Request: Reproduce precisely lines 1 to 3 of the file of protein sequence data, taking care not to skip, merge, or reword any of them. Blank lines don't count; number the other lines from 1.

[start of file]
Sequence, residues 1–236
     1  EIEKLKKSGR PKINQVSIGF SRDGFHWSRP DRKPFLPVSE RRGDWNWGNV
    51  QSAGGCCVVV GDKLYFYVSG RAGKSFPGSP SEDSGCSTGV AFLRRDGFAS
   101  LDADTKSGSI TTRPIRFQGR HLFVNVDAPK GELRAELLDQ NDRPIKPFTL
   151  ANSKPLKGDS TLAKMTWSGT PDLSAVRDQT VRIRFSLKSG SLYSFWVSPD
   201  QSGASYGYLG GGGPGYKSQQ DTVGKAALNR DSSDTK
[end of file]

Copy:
Sequence, residues 1–236
     1  EIEKLKKSGR PKINQVSIGF SRDGFHWSRP DRKPFLPVSE RRGDWNWGNV
    51  QSAGGCCVVV GDKLYFYVSG RAGKSFPGSP SEDSGCSTGV AFLRRDGFAS